Secret Six #18 review

The Secret Six's encounter with the Suicide Squad concludes here with the factions teaming up to take down the Black Lantern Homicide Squad. Their secret weapon tallies with what we know about their weaknesses, but to my knowledge it's a first for the Blackest Night crossover.

This issue also sees the climax to Squad leader Amanda Waller's bid to bring Deadshot back into her fold, plenty of juicy interaction between both sides, and the revelation of Mockingbird's identity. And again, the truth is perfectly logical without having been stupidly obvious. We get a look at the Belle Reve cutting room, where heroes and villains are dissected, and it turns out an old DC hero works there. A member of the Squad is roundly thumped (and deservedly so) and a medical patch that puts Elastoplast to shame gets an outing. Busy busy busy!

It's good, mean-spirited fun from start to finish. That sly old bird Waller almost steals the show, but writers Gail Simone and John Ostrander give enough great lines and killer action to the rest of the cast to ensure she's more a star than a black hole. Even the Black Lanterns get in a few good lines, in between being shot apart and re-forming (as opposed to reforming).

Illustrator Jim Calafiore matches the writers for skill and style. His intelligently choreographed fight sequences show a grace possibly honed during his days on Aquaman - the best artists of the Sea King learn a rare elegance. And when grace is allied to the undead Black Lanterns, the results are bewitching. Calafiore's bruiser characters, such as Bane and Catman, have a rough-hewn beauty, the good guys are Buster Crabbe handsome, the women reek of power. And it's all in the service of storytelling, there's not a single wasteful splash here . . . I can't wait until Calafiore takes on a regular assignment once more.

Jason Wright's colours are the icing on the cake - the moody tones, as ever, match the Six's souls, but here they're contrasted against the brilliantly burning House of Secrets. Travis Lanham's lettering is spot-on too. Heck, just seeing his Ragdoll font makes me happy. Before we eyeball any interior artwork, though, it's Daniel Luvisi's cover which makes a big impression, featuring an android Manhunter ablaze with energy. Editor Sean Ryan, take a bow for pulling such a cracking creative crew together.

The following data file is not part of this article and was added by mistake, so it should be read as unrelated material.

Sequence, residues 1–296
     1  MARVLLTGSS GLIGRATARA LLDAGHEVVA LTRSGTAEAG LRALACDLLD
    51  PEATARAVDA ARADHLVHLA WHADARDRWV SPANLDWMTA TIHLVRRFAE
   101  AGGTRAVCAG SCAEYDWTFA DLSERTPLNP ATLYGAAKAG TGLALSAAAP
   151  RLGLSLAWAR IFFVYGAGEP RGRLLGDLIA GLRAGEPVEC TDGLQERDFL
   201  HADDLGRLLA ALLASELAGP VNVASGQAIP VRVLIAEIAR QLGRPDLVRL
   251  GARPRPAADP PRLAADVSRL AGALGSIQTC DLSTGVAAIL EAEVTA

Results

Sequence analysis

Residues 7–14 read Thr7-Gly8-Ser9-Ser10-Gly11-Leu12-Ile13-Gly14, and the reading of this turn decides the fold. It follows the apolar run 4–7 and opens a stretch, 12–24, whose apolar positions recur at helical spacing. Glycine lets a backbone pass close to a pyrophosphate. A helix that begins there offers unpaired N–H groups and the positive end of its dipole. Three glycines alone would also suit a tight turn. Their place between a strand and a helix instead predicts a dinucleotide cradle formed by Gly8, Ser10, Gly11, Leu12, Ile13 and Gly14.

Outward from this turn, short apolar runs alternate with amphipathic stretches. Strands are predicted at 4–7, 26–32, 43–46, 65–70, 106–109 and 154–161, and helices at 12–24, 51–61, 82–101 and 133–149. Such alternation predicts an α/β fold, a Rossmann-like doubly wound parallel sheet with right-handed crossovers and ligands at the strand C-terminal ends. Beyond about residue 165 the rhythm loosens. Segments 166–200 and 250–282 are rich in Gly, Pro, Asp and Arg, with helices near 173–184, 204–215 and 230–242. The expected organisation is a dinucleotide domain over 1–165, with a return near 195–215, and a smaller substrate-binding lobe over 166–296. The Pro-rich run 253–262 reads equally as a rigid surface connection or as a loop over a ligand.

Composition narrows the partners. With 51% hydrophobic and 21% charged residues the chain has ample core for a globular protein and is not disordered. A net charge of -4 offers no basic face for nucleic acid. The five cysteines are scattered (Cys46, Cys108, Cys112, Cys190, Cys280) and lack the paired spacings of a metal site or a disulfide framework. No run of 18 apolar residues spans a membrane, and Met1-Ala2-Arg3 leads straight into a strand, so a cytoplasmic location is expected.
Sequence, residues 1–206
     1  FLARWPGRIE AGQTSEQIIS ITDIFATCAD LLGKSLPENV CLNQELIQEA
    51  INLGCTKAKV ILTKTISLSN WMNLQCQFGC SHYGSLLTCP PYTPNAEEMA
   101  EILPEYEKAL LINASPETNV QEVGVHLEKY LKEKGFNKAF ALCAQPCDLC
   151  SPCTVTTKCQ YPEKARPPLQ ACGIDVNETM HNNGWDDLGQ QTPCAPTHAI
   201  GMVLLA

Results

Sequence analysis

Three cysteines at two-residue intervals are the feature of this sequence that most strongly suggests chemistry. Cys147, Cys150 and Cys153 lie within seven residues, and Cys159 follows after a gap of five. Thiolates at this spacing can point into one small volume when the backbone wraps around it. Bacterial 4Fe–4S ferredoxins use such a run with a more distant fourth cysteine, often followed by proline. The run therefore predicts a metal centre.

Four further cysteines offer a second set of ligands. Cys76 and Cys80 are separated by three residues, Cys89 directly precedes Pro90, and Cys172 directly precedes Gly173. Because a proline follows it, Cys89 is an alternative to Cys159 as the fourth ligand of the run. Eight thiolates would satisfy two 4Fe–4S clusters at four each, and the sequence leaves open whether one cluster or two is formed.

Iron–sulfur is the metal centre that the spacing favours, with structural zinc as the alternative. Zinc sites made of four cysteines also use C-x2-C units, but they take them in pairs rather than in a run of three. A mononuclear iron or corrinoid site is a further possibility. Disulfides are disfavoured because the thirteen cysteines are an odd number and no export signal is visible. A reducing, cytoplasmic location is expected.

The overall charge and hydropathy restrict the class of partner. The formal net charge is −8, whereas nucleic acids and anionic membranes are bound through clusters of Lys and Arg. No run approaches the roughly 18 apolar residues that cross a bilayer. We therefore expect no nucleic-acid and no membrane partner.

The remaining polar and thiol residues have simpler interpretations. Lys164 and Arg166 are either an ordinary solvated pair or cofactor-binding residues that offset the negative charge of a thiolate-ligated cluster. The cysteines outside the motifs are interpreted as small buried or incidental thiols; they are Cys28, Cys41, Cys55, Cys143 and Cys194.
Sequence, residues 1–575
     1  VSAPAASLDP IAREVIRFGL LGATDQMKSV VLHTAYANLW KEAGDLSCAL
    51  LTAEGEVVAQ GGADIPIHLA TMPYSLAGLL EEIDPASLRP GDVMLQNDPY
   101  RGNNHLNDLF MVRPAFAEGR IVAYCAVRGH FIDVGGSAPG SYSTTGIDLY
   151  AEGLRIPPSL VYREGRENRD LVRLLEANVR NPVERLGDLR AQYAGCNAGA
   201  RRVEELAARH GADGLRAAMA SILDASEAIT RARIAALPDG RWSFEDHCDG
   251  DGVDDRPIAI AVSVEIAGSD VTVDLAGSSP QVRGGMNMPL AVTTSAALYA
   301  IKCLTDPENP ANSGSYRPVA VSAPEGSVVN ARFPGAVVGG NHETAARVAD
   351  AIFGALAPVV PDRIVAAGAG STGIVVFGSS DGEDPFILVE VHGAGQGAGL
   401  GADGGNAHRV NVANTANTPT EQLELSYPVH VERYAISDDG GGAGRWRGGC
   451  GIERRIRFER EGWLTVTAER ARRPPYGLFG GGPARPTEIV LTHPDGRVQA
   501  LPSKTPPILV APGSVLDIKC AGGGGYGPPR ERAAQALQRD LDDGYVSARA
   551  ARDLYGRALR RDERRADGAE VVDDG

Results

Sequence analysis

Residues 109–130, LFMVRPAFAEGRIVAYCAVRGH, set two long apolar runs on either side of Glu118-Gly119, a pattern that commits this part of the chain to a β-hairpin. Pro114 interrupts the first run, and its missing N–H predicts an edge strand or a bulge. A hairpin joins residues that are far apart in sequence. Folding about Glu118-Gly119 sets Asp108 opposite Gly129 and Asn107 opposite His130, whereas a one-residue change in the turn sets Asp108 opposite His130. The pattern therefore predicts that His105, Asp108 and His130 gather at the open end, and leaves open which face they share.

The story comes with the promise of a sequel, but I want more. I want an ongoing Suicide Squad book written by John Ostrander, with art by Calafiore. That's not too much to ask, is it?


  1. I would imagine that the commercial failure of Ostrander's fairly recent Suicide Squad mini would give DC second thoughts about releasing an ongoing. A lesson to learn; for every Message Board poster claiming that a series would sell gazillions if DC used the original creators, the truth will out. Witness Mike Grell's The Warlord.

  2. I didn't witness it the first time round!

  3. Suicide Squad never will, it's true, be a big draw in the market. It's a comic book about minor characters, based in part on obscure continuity, and it's a book that'd be hard to place constantly in the centre of major new "events" to ensure that sales were kept even moderately high.

    But saying that, I think the Big Two have missed sight of what the purpose of their less-popular books are for. Yes, profit is the overwhelming pirpose for corporations, & most creators will want to go where the money is. But the obscure books, the mid-and-low-range books, have often been where fundamental parts of the universes are invented and/or developed.

    Kirby's Fourth World was never a great seller, and none of the titles made it past # 18. But the concepts - from Darkseid to Forager - have made DC fortunes in comics and TV. Thirty years later & Chase & Chronus were seeding the DC Universe with wonderfully promising ideas before being cancelled. In Marvel, Agents Of Atlas has been a godsend of promising concepts that can be used by the big marquee books.

    The Suicide Squad should come back not to make a fortune, but to help develop the DC Univrse. If you don't look after your plankton, your whales end up dead whales.

  4. That's a wonderful point. I can imagine DC's counter argument, but occasional mini series at the very least, printed to meet expected demand, might be the answer.

  5. It all comes down to talent. It is Gail Simone who made something out of Secret Six. It is Jeff Parker who made something out of Agents of Atlas.


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